When asked last week what skills he would value in his Senate replacement, President-elect Barack Obama gave an answer that was not at all surprising. "I think that the criteria I would have for my successor would be the same criteria I would have if I were a voter," he said. "Somebody who is capable [and] somebody who is passionate about helping working families in Illinois meet their dreams."
Unfortunately, voters won't choose who succeeds Obama in the Senate. That decision lies solely with Gov. Rod Blagojevich, a Democrat as dense and unpredictable as the president-elect is self-aware and cautious. Sure, Obama will have some input into his successor's appointment. So will liberal interest groups and Democratic donors throughout the state, all of whom want to ensure the seat stays in the blue column two years from now. But Blagojevich, whose approval rating hovers around 13 percent and faces a federal corruption investigation that is inching closer and closer to his Springfield office, will make the final call. Desperately seeking to repair his legacy or position himself for an improbable third-term run in 2010, it's certain that the embattled Democrat will use the opportunity -- in true Illinois fashion -- to secure some political advantage. Whether his choice will suit progressives is another matter. Here is a rundown of the top contenders.
A promotion for Jones, a 73-year-old from the South Side of Chicago who retired this spring from his post as state Senate president, the U.S. Senate seat would be a satisfying coda to his long career in state government. Unfortunately, that career was too often defined by loud talk and little action. The consummate machine pol, Jones accumulated lots of clout during his 25 years in Springfield but rarely used it on issues important to his constituents, education-funding reform among them. He also ensured his neophyte son succeeded him in the state Senate, a move many regarded as blatantly nepotistic.
If Jones is appointed, it'll be because of the relationships he's nurtured. Nicknamed Obama's "Political Godfather," Jones tapped the up-and-coming state senator to lead high-profile legislative initiatives like ethics and welfare reform as a way to boost his resumé. He was also Blagojevich's most loyal ally in the toxic intraparty squabbles that have characterized the governor's tenure, meaning he could be in line for some payback. And if Blagojevich doesn't want to anger African-Americans, the only group that still gives him significant support, appointing an African American to the seat might be wise. If Jones is selected, it's probable he wouldn't seek re-election, leaving an open race in 2010.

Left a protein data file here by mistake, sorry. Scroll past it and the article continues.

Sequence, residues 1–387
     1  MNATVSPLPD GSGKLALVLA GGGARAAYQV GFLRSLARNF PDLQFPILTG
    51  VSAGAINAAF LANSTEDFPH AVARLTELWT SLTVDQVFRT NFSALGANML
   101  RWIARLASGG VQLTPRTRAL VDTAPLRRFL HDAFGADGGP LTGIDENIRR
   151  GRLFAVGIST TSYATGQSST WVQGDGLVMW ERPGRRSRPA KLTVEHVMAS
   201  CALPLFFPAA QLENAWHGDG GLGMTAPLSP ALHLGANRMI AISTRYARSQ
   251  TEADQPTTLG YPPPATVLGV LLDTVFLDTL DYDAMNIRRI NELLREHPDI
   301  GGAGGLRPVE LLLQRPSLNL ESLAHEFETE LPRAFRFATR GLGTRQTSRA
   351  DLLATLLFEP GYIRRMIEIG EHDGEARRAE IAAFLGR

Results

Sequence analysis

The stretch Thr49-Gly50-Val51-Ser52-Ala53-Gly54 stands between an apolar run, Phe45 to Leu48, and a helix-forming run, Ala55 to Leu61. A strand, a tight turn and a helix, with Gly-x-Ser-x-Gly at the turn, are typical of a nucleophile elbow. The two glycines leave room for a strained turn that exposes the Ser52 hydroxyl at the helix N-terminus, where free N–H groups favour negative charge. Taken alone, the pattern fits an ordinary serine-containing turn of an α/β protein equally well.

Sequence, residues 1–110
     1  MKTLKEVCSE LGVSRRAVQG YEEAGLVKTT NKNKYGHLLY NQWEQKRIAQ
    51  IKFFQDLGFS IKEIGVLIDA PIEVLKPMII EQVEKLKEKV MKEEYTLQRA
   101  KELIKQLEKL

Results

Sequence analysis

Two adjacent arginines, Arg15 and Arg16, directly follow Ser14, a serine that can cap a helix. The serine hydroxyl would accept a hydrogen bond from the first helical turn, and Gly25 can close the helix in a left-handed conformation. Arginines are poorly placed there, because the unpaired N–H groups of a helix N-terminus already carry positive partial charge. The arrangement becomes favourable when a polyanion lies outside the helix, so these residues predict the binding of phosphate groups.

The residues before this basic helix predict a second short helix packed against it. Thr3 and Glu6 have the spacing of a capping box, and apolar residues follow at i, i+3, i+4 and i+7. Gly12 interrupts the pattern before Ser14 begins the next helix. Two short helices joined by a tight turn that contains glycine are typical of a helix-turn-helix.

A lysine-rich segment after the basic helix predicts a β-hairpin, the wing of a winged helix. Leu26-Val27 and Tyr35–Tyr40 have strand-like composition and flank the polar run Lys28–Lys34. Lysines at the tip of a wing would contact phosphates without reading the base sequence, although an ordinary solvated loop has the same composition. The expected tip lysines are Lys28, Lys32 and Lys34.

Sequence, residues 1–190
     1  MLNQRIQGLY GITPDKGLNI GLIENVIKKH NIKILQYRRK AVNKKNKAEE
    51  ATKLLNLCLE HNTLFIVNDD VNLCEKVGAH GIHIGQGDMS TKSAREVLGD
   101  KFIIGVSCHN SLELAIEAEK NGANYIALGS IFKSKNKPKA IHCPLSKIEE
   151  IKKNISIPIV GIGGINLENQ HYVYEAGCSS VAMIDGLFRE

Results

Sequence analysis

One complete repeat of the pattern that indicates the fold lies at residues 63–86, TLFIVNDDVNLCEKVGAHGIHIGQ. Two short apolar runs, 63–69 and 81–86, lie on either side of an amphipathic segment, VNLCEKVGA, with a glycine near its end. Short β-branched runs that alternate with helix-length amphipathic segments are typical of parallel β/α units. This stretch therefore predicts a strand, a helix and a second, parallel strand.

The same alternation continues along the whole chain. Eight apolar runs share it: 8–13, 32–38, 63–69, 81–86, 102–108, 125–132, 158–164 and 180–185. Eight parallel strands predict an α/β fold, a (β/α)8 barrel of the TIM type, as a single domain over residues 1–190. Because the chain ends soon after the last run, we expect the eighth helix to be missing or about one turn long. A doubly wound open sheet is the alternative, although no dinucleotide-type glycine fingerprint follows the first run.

Besides Obama himself, Lisa Madigan may be the most popular politician in the Land of Lincoln. The 42-year-old attorney general has built a national reputation on safeguarding consumers from fraud and unsafe products as well as on protecting families facing mortgage foreclosure. As a Democrat who could defeat Blagojevich in a statewide primary, she's considered a prime contender for the governorship in 2010. If Madigan wants the seat, this move is a no-brainer for Blago. Not only would it partially clear his re-election path, he could use the appointment as a bargaining chip in his ongoing negotiations with chief rival Michael Madigan, Lisa's father and the veteran speaker of the Illinois House. If Lisa gets the call, Mike might drop his opposition to an expansion of health care and an infrastructure-improvement plan -- two initiatives Blagojevich needs to advance to secure any semblance of a legacy. On the other hand, the Blagojevich-Madigan feud runs extraordinarily deep, and the guv might be reluctant to throw the family any favors, regardless of the stakes. Replacing the Senate's lone black member with a white woman may also frustrate Chicagoland's black population, arguably Blagojevich's only remaining power base.
Jesse Jackson Jr.
On the merits, Rep. Jackson Jr. might be the most qualified candidate. A strong progressive reformer representing Illinois' 2nd District, Jackson has fought tirelessly for constituents in his district -- one of the nation's poorest -- using his post on the House Appropriations Committee to fund infrastructure, housing and health-care programs. He's also extremely popular on Capitol Hill, known for his political decorum, work ethic, and oratorical flair. Having served as a national co-chair for the Obama campaign, he and his wife Sandi -- a rising star on the Chicago City Council who could easy slide into his congressional seat -- enjoy a close relationship with the president-elect. And he wants the seat with a burning, almost obsessive, desire. (Case in point: He just commissioned and released a Zogby poll that attempts to prove his statewide appeal.)